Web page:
As we wave goodbye to offseason news and as we wait for the regular season to begin – or, at the very least, training camp and the preseason – we fill our days with thoughts of the abstract, and we ponder questions that can never be truly answered. Who are the best players in the NFL at their position? What separates the top man at his spot from No. 4 and No. 5?

Well, we’re attempting to answer that in June and July. Andy and Josh will explore each position on the field and debate the merits and flaws
of each player. Clearly, it’s reasonable for smart men to disagree, and these arguments during the next few weeks will only reinforce that notion. Even as we watch film, talk to NFL insiders and conduct our own painstaking research, our top-five lists, though they’ll likely bear some similarities, will disagree. Which makes this whole endeavor worthwhile.   

Today, we debate the top safeties – both free safeties and strong safeties.


Andy Benoit’s top five

Troy Polamalu (Getty Images)
5. Nick Collins, Packers

4. Brian Dawkins, Broncos

3. Darren Sharper, Saints


2. Ed Reed, Ravens

1. Troy Polamalu, Steelers


The safety position has become the lynchpin to so many of the complex defensive schemes we see in today’s NFL. Versatility is key. On that note, Polamalu is the most valuable defensive player in the NFL. He is a thumper against the run, he has fantastic range in coverage and, wherever he is on the field, he’s a first-class playmaker.

Polamalu’s presence is what enables Steelers defensive coordinator Dick LeBeau to be aggressive in his scheme. We saw last season that when Polamalu is out of the lineup, the Steelers D can be reactionary.

Reed makes the list on the assumption that his bum hip won’t be a major issue come September. He may be the best centerfielder in NFL history. Sharper is an interception machine and, more importantly, a leader. Without his stability in the New Orleans’ secondary last season, we’d have a different defending Super Bowl champ right now. Dawkins turns 35 this season but hasn’t lost a step. Amazing. Collins has become a regular at the Pro Bowl. His instincts have improved every year, plus, he’s not a bad tackler.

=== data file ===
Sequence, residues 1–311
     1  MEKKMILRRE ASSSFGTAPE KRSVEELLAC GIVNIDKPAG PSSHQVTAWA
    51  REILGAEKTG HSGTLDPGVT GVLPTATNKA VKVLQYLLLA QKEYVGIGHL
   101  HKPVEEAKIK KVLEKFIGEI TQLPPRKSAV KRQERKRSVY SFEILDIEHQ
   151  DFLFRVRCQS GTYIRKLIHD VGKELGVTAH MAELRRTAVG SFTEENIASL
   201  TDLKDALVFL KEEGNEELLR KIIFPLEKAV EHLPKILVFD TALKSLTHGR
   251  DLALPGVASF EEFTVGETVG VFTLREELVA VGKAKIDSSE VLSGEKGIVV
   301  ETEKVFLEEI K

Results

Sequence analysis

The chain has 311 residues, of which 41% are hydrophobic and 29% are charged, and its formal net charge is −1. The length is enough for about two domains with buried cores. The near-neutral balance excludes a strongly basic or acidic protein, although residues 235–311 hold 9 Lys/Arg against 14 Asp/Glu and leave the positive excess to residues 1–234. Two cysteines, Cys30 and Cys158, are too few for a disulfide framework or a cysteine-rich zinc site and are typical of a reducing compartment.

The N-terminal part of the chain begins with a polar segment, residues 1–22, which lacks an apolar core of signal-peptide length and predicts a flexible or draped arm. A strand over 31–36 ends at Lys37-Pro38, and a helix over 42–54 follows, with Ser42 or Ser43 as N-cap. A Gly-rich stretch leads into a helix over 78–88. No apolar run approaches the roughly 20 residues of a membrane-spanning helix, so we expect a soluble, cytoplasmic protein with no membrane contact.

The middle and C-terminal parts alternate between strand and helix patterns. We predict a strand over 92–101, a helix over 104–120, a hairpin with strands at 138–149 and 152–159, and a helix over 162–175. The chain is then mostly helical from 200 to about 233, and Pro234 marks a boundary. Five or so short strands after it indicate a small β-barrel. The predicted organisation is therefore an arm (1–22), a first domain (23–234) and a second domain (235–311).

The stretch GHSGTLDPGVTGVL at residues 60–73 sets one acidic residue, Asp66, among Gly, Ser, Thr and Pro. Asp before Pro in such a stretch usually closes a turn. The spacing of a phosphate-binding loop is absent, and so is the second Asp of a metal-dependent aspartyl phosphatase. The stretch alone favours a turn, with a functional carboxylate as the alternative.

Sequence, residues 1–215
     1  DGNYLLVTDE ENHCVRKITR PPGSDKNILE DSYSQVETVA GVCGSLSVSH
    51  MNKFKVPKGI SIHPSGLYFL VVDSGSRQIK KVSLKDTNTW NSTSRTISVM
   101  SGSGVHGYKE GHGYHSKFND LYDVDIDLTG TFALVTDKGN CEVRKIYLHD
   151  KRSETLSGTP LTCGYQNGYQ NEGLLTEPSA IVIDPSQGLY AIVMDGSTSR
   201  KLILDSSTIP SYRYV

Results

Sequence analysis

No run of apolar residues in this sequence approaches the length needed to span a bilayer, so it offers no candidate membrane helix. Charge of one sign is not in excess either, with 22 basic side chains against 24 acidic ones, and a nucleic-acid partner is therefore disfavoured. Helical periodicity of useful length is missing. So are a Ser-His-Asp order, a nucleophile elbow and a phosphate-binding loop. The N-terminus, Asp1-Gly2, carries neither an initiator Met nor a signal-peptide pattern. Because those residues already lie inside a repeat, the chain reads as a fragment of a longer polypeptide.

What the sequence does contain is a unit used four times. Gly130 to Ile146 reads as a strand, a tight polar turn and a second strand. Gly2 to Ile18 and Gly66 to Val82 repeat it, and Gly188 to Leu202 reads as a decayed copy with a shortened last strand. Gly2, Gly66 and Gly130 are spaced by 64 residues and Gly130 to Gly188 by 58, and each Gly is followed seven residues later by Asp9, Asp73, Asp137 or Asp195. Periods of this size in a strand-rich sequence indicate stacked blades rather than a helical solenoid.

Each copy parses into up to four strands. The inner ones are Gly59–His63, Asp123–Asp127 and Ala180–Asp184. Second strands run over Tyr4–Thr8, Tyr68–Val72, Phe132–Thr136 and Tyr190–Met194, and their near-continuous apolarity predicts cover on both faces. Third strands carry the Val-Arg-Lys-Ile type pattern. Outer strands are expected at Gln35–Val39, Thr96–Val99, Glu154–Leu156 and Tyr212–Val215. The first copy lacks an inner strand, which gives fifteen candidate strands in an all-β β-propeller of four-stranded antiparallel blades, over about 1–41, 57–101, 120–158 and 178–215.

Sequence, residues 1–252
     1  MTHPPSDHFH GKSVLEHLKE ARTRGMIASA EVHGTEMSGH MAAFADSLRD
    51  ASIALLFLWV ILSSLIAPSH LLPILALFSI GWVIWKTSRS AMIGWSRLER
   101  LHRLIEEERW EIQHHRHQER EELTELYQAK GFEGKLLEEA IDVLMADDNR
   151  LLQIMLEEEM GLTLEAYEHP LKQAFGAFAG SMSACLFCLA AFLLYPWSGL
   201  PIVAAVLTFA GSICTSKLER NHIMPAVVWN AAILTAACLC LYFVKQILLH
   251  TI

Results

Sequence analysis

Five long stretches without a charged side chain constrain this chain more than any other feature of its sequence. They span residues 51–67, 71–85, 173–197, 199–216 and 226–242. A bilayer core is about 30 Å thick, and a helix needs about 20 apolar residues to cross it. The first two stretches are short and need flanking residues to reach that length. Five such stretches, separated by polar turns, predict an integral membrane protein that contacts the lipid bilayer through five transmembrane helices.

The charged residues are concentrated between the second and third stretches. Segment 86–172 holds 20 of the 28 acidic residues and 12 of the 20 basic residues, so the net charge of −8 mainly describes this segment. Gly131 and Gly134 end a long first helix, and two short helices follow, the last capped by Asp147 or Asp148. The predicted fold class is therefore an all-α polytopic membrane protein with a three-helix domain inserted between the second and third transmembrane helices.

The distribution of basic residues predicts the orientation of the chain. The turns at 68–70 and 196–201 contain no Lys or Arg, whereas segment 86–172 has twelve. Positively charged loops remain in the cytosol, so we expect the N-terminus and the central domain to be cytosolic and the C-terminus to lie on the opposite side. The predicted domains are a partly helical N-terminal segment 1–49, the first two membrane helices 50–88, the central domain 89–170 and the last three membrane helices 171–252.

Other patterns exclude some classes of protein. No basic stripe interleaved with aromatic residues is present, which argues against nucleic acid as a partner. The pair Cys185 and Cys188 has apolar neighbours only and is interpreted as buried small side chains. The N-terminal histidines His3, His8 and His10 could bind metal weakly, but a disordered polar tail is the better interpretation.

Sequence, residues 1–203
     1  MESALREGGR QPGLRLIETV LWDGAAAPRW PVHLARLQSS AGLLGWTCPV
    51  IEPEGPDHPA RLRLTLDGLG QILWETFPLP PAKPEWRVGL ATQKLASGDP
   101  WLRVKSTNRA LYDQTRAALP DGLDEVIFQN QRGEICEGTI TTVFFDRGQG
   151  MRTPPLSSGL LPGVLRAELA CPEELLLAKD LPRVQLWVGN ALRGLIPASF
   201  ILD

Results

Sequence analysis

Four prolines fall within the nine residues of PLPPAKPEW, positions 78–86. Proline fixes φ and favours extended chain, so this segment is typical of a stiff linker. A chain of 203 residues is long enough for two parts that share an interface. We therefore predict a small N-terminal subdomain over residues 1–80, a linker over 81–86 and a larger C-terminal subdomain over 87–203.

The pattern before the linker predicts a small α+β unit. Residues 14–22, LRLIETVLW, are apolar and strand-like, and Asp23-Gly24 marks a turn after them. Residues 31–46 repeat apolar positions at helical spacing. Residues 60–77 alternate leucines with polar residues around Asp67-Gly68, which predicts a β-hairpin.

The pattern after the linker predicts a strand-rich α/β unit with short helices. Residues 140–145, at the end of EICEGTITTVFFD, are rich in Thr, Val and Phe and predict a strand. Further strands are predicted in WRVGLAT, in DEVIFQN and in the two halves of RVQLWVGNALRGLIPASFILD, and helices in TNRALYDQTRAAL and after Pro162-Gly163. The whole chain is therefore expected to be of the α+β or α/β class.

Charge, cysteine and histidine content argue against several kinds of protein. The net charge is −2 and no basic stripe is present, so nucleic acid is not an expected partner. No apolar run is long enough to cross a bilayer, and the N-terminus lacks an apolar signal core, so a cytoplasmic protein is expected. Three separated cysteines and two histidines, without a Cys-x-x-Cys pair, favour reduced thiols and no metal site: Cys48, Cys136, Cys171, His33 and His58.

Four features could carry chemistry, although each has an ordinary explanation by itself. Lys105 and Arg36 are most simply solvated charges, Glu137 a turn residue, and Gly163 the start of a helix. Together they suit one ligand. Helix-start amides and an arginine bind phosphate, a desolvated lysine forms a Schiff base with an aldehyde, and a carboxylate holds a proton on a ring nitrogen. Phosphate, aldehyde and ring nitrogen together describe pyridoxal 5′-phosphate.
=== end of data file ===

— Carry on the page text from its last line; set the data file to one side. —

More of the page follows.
Josh Katzowitz’s top five

5. Bob Sanders, Colts

4. Bernard Pollard, Texans

3. Brian Dawkins, Broncos

2. Ed Reed, Ravens

1. Troy Polamalu, Steelers



Well, it’s hard to argue against Polamalu. He’s the safety who scares every QB in the league, and you could really see the impact on his team when he was injured last season. The frenetic, sideline-to-sideline impact Polamalu made simply wasn’t there.

As long as Ed Reed is healthy and returns to play – he recently said he’s about 35 percent healthy, which doesn’t sound promising – he’s No. 2. Not much to be said about Dawkins – one of the top safeties in NFL history. Pollard flies under the radar because he spent his first couple years in the league with Kansas City and he hasn’t been a Pro Bowler, but he’s amassed 289 tackles in the past three seasons to go with four interceptions and three fumble recoveries in just 13 games last year. Was it coincidence that, when Pollard signed with Houston, the Texans’ total defensive yards and defensive rushing yards decreased dramatically? I don’t think so.

Sanders hasn’t played much the past few years because of knee and arm injuries, but, at the age of 29, he’s still in his prime and still has the talent that led him to two Pro Bowls and the 2007 NFL’s defensive player of the year honor. Yes, he’s not healthy very much, but when he is, he’s one of the top guys in the league. I like Nick Collins as well and I think his stock is rising, but I just don’t think he’s a top-five guy yet.

Andy’s rebuttal


I like that you went with Pollard – that shows you’re paying attention. Few people even know about the fifth-year pro. The Texans put Pollard in attack mode last season – as opposed to react mode that Kansas City stuck him in – and he blossomed. Pollard is a formidable run-stopper and underrated playmaker. I want to see him perform at a high level for a 16-game span before giving him the nod, though.

Shortly after writing my list, Texans tight end Owen Daniels told me in a phone interview that Sanders is the best opponent he’s faced. That made me regret not including the former Defensive Player of the Year. Honestly, I love the guy. But the fact of the matter is, Sanders is made of glass and the Colts were 14-2 without him last season.

Someone else we both need to consider is Saints strong safety Roman Harper. He’s the X-factor in Gregg Williams’ aggressive blitz scheme.

Josh’s final word


Yeah, I had reservations about Sanders, because he’s played eight games the past two years, and how can you call a guy a top-five safety when he’s played so little?

You’re right about Harper. The guy can flat-out tackle, he’s a force when he crosses the line of scrimmage and gets into his opponent’s offensive backfield, and he’s coming off a heck of a year.

It’s funny, though. Three guys on my list (Polamalu, Reed and Sanders) are coming off major injuries. Two guys on your list are at least 34 (Sharper and Dawkins), Reed is 31 and Polamalu is 29. Which tells us what exactly? I don’t know. Maybe they just don’t make Hall of Fame safeties like they used to, or maybe the younger safeties are just extremely mediocre. Either way, enjoy the safeties on our list for as long as they’re playing. Some of them won’t be around much longer.

--Josh Katzowitz and Andy Benoit

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The views expressed in this blog are solely those of the author and do not reflect the views of CBS Sports or CBSSports.com